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Morgan

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About Morgan

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    gary.morgan666@hotmail.co.uk

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  • Gender
    Male
  • Location
    Hartlepool, UK
  • Interests
    Maritime History, Model Ship Building, Photography & Astrophotography

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  1. Dave, That would work, I’d just slightly round-over the inside edge by sanding rather than leave an angular edge. In respect if any scarphs part of the waterway in reality sits under the side planking so you would not see a full scarph. This could make things easier to simulate if you go down that route. Gary
  2. Dave, I see you are also in the NE, a trip to the Trincomalee at Hartlepool could provide you with a wealth of information on Waterways and many other aspects. Also the Pannet Park Museum and Captain Cook Museum at Whitby both have a wealth of model ships and related artefacts, many of which are period specific for the Endevour. Not to mention the the Captain Cook and Staithes Heritage Centre / Museum at Staiths. Gary
  3. The picture provided by Spyglass is a good example of the tapering and curving of the planks that Druxy mentioned, ignore the inner margin plank and joggling or cutting-in of the planks. On the Endeavour these would have been straight butt joints between the deck planks and the darker waterway. Gary
  4. Dave, The Waterway followed the ships side in a continuous fashion, so is the only ‘plank’ to follow the run circumferentially of those sides as it were, as a regular margin feature. Traditionally the joints were scarphed together. They did not run across the stern or transom. Personally I would work from the bow to the stern. To obtain the profile they may best be cut from a sheet as opposed to strip wood if available. On the Victory for reference they are 12” wide, but I would expect Endeavour to be narrower. As a guide Victory’s main historic deck planking is 10” wide, that is 4mm @ 1:64. Also for note the outermost 2 planks on each side of Victory these wider at 12” wide (5mm @ 1:64) which helps with the run-out of the planks. Hopefully these measurements will allow you to work out dimensions relative to what the kit materials provide you with. Gary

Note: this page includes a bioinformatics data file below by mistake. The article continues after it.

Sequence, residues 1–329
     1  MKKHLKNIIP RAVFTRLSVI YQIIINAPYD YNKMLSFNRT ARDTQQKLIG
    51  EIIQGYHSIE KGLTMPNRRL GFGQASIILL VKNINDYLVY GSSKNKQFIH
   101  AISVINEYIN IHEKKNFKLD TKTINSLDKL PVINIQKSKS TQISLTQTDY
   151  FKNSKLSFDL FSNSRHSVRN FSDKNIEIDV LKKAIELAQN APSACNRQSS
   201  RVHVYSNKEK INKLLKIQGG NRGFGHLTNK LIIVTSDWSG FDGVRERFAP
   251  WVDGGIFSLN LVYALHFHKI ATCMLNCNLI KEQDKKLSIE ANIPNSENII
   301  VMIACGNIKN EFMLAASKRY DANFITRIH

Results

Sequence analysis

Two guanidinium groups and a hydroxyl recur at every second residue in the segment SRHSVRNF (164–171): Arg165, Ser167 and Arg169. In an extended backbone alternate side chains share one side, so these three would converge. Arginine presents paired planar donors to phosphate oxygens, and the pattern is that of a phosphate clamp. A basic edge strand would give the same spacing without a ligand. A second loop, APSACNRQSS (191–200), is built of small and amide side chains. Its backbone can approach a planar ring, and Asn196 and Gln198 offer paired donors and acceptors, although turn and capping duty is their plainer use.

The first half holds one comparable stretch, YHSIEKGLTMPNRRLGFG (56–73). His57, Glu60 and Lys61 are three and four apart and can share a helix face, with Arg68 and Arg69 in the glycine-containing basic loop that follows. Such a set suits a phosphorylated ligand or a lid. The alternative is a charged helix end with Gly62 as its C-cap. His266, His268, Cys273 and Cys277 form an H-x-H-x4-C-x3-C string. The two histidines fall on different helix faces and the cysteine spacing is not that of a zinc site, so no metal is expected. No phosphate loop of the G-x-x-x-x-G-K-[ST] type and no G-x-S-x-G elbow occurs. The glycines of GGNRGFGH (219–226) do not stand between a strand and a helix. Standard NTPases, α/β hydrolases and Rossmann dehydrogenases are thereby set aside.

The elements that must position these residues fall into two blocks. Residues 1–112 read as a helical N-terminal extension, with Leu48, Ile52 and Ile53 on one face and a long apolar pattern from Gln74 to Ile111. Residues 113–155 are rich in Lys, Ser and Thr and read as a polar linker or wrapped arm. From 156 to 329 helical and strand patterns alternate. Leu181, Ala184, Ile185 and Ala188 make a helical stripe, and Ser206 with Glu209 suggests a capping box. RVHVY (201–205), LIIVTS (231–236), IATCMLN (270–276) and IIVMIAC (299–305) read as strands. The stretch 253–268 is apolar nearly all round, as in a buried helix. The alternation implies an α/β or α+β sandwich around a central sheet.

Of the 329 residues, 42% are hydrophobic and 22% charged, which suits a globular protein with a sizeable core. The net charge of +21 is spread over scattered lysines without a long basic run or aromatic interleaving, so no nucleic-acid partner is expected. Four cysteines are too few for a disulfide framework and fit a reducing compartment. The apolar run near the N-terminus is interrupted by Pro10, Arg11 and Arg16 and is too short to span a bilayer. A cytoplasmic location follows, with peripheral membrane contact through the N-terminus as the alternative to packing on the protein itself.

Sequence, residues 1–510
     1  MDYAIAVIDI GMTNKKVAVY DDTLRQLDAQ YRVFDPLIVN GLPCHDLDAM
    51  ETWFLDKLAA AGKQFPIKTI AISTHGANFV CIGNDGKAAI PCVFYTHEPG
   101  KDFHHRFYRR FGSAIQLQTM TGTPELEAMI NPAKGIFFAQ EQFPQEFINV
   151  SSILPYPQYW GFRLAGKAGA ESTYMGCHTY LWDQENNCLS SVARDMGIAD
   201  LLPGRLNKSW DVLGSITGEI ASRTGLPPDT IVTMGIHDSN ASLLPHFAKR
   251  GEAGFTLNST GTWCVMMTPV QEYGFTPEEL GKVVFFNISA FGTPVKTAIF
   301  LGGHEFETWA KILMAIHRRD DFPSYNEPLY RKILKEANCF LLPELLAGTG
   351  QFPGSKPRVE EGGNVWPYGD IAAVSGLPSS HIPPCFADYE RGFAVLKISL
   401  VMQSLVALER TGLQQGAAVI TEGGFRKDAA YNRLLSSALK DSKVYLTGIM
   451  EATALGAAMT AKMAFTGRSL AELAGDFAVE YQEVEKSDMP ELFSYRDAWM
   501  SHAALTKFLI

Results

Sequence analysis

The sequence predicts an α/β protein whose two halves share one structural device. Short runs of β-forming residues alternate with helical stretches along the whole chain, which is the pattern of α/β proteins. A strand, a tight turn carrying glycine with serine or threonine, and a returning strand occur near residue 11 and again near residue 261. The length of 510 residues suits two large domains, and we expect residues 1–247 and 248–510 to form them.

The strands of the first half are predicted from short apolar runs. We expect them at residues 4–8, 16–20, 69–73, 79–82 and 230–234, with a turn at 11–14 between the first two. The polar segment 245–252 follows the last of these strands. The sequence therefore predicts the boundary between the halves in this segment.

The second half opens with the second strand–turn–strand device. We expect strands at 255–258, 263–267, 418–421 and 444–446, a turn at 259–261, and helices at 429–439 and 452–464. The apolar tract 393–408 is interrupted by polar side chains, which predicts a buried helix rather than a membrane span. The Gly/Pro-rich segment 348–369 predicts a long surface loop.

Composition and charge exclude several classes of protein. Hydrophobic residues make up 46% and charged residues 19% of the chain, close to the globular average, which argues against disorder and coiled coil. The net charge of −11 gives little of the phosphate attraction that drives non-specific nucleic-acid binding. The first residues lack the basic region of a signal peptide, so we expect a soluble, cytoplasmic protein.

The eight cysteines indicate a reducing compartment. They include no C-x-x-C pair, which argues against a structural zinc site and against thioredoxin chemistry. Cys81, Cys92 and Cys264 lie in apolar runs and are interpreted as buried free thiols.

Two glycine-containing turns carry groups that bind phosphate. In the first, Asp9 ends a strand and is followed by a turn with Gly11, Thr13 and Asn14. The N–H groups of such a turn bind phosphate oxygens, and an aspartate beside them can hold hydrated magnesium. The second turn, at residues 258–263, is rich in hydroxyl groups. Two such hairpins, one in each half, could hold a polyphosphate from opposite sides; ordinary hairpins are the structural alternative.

5. The waterway is a shaped plank that follows the bulwark as you say. In practice it was a heavier timber in section than the deck planks, and profiled not only to meet the deck planks, but also to marry up to the inner side planking, both above and below. It would be slightly raised in comparison to the deck planks and transition down at the edge to meet the deck planks, at anything smaller than 1:48 you would not notice it being thicker. The purpose, in part, was to channel water to the scuppers rather than let it get into the ships side timbers. Gary
  6. Dave, There is no evidence of this on the surviving historic ships in the UK. I’ve looked at the remaining original decks of Victory, Trincomalee and Unicorn and they do not ‘joggle’ in to the margin planks. They simply run-out and are butted against the waterway / margin plank at whatever angle they intersect it. The use of fishes was used later in the 19th Century, however some modellers do this for aesthetic purposes. In my view it would be inaccurate, and given the Endeavour was a collier it is unlikely they would have spent the time and effort. It is of course your choice. Gary
  7. This one from HMS Trincomalee caught my eye as I attended a talk by the Curator of the ship on Wednesday. Turns out this old photo is of the ships second figurehead which dates from 1845. It has just been recently restored and is now on display at the NMRN Hartlepool, see below. The colours are slightly different from the ship copy as research during restoration facilitated the analysis of old paint samples. Gary
  8. I’ve got an original 1806 copy, the book is tiny, about 4” square! Going price right now is about £300 from antiquarian book sellers, it’s part of the long term pension investment, or at least that’s what I tell the Admiral! Gary
  9. Plenty big enough for the Royal George you have been thinking off 😉 I was at the NMM Greenwich today and she is currently on display in the Nelson, Navy and Nation exhibit, unfortunately against a wall so you don’t see the planked side, but still a beautiful model. Gary
  10. The additional structure could possibly be an opening for ventilation above the stove, the immediate proximity to the chimney could make it a steam scuttle. Gary
  11. What scale are you building to James? I’ll pop in from time to time to see how you are doing. Gary
  12. That’s like those Vanguard Model kits, they all come in at under £100 🙄🤥
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